On stage at the conference, Mike Rowe talked about the need to bring recognition and honor back to the blue collar trades (plumbers, electricians, etc). He founded mikeroweWORKS for this purpose and to help people connect with each other in the trades.

Monday, March 12, 2012

Alaska Cruise Day 7: Not Alaska (B.C.)

Day 7 of our Alaska cruise was highlighted by a visit to Victoria, British Columbia. Many people don't realize that the name Columbia was used by our North and South American forefathers to name a bit of land that they really didn't have a name for. Columbia is the "poetic" name for the Americas. There's also Washington, District of Columbia (Washington, D.C.) and the actual country of Columbia.

Victoria is a very nice city with many interesting buildings, good food and they freely take U.S. dollars (1:1 with the Canadian dollar these days).





My In-laws liked it a lot. We had a relaxing time, just walking around without too much of a schedule to worry about. We had a great dinner at a local steakhouse. There was this Celtic themed store with some of the highest quality clothes I've seen (and the prices to match). I even have a video around somewhere of Darth Vader playing the violin (street performer).

The vibe in Victoria is definately different than Vancouver, B.C.

One of the reasons we chose to take a cruise with Norwegian is that the cruise starts and finishes in Seattle, WA (within the borders of USA). Many cruises start in Seattle, but then end in Victoria. That means we'd have to take an international flight home; a painful experience which I am always more than happy to avoid.

So, even though Norwegian wasn't everything we expected it to be, it was everything it needed to be. I guess that's not a great endorsement, huh.

Overall, the trip was enjoyable. Some pluses (many of which cost more $$$) and some minuses (many of which were part of the cruise package for no additional $$$). We did our trip to Alaska. We did our first cruise (and prolly last, at least for a long while). We took my In-laws on a big vacation and had a lot of quality time with them. And, I got to see my best friend and his family before and after the cruise.

Please see the full Alaska Cruise article list.

Tuesday, February 28, 2012

Tuesday Two: powering eyes

Polyplus propel potentional power, providing pertinent p...oh...nevermind. Polyplus new technology will allow for "ultra-high energy density [lithium] batteries " to significantly increase battery charge. This will allow cellphones and many other devices longer times of operation between rechargings.

A microchip may soon be available from the minds at MIT that will allow blind people to acheive some level of sight. It's not a full site, but "blind person to recognize faces and navigate a room without assistance."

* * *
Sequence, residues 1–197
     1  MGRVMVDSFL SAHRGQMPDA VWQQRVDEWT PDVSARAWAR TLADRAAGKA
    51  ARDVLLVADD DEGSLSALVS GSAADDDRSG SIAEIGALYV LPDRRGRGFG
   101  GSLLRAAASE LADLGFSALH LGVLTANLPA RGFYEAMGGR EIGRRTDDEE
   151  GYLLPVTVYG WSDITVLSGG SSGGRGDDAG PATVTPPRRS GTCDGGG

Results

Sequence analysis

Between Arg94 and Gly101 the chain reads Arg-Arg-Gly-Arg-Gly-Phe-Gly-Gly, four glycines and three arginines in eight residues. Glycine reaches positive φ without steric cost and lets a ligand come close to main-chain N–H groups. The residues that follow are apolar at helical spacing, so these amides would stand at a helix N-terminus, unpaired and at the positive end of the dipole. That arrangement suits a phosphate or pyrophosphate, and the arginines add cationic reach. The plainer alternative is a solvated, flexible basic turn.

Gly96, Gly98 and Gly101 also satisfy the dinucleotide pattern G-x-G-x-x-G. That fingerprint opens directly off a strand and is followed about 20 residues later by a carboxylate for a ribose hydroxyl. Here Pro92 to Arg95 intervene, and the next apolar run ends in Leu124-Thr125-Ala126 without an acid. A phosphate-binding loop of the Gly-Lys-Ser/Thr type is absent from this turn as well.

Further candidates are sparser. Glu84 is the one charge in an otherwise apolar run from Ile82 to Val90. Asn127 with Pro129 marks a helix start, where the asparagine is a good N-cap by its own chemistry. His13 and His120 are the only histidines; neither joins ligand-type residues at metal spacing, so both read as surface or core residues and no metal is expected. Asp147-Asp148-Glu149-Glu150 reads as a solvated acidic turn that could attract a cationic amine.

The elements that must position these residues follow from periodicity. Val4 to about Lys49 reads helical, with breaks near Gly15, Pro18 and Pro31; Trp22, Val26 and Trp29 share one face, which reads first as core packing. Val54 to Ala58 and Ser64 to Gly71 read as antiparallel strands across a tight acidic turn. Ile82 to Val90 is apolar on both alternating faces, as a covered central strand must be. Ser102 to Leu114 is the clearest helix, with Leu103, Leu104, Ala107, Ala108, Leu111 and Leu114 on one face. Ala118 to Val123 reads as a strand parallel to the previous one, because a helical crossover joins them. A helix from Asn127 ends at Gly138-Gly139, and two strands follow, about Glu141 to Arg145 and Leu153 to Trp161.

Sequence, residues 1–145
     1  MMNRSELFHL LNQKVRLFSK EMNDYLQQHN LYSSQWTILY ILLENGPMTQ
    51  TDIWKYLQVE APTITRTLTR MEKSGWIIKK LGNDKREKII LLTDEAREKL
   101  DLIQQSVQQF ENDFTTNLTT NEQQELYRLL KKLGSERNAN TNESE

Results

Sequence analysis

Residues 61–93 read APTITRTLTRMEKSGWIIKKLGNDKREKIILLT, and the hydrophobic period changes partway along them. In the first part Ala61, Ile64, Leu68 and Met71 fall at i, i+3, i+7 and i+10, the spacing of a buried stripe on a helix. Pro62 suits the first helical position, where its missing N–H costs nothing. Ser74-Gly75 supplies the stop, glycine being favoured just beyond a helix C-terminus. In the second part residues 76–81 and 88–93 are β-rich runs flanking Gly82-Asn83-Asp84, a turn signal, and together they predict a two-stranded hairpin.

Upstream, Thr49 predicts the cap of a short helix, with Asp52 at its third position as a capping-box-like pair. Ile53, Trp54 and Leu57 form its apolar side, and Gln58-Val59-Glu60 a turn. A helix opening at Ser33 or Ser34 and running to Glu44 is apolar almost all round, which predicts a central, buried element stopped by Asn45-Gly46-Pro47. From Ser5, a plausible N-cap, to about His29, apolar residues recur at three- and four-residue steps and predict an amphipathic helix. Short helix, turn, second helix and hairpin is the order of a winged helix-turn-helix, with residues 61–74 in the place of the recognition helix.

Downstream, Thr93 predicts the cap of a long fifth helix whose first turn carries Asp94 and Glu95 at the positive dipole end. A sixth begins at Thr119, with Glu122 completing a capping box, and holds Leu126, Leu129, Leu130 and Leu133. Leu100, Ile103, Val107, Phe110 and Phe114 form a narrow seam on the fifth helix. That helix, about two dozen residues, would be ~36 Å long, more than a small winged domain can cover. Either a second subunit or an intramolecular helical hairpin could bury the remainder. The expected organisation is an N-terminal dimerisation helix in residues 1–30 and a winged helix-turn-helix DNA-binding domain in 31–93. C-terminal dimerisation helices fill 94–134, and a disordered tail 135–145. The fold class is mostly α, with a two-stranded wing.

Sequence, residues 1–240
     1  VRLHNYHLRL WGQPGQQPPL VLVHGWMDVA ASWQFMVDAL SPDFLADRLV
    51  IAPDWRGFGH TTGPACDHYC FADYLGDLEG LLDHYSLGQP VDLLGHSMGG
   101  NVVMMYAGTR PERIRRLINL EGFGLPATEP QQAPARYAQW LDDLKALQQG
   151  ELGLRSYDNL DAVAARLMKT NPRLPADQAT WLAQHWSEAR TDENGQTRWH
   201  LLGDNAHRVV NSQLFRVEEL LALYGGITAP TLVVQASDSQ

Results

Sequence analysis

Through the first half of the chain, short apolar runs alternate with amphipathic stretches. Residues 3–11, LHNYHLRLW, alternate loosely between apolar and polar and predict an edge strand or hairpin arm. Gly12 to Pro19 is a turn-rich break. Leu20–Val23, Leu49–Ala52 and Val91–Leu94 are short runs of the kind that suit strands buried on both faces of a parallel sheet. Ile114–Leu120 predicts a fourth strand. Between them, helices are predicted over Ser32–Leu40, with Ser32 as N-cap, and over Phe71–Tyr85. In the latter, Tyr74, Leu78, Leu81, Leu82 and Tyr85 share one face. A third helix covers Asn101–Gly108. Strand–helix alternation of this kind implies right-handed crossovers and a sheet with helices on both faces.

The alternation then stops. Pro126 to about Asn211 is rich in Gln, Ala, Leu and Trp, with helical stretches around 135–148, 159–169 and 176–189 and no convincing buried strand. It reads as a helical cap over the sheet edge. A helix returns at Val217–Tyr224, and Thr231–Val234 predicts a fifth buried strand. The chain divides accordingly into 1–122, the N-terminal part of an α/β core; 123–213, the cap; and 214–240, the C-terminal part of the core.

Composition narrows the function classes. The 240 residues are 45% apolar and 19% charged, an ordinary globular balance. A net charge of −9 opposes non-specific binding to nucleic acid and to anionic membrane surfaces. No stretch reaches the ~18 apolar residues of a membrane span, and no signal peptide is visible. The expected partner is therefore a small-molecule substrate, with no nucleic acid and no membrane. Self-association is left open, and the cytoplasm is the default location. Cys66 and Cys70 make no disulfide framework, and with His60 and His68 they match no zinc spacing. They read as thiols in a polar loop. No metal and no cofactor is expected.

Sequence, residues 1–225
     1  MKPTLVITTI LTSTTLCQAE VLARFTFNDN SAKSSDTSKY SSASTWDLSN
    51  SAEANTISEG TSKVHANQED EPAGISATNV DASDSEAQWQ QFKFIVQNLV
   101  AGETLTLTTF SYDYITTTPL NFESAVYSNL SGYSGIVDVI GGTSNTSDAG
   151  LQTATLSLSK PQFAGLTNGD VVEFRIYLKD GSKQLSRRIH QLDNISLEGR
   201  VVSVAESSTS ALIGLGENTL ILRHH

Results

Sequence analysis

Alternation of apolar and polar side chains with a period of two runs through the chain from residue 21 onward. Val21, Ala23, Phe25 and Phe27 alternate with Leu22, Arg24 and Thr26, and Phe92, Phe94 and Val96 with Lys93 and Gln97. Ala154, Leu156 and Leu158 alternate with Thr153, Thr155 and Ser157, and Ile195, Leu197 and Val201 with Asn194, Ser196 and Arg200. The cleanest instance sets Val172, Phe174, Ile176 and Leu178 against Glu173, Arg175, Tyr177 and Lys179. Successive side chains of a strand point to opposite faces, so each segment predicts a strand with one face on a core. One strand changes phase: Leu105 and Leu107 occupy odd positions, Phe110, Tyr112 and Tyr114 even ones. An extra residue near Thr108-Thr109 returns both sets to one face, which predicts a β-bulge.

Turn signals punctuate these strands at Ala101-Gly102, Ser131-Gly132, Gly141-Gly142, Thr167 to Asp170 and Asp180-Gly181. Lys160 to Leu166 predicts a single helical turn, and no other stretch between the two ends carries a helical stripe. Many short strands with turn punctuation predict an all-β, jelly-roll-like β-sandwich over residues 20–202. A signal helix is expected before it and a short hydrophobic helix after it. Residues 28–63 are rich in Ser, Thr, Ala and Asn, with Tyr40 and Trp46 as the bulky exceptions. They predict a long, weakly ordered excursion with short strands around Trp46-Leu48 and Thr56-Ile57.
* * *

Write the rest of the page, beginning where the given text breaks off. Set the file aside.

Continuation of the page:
Wednesday, February 15, 2012

Alaska Cruise Day 6: Ziplining

Day 6 of my family's Alaska cruise was marked by a visit to Ketchikan. Suprizingly enough, we didn't spend much time in Ketchikan itself. Our excursion took up almost all of the time.

I did the ziplining canopy tour in the rainforest. By an amazing coincidence, Allie took her parents on a nature walk excursion that was run by the same operation on the rain forest floor. So, while I was zipping around overhead, they were walking on a guided tour below. Allie said she kept an eye out for me, but we weren't in the same part of the forest at the same time.



They got to see a bald eagle, owl, bear markings on a tree, a canoe being made (in progress, not from start to finish), and other natural or native items.


I was zipping around the canopy with a group of people, most of which have never ziplined before. It was a lot of fun. I haven't developed the photos from this adventure on my disposal camera yet. Hopefully the film is still good after all this time (2 years). I do have this shot taken by an automatic "ride" camera.


Note the gratuitous fist pump. :)

The excursion took up so much time in the trip to a from the dock and on the adventure itself, we didn't get a chance to check out anything in the town of Ketchikan itself.

Please see the full Alaska Cruise article list.

Tuesday, February 14, 2012

Tuesday Two: Straddling bacon

At first, I wasn't sure where to place the Virtual Therapy. Is this a tremendous fail or something that will change the future? Well, so far the results speak for themselves. 95% of patients complete the virtual course, versus only 37% when with human therapists.



Straddling bus will take your car to work and offers to save 860 tons of fuel (who measures fuel in "tons"?) each year by replacing old fashion walk-on buses. Come on, get with the 21st Century, already. (Where's the flying cars which will likely consume far more energy than current ground bases cars?)



Epoch Fail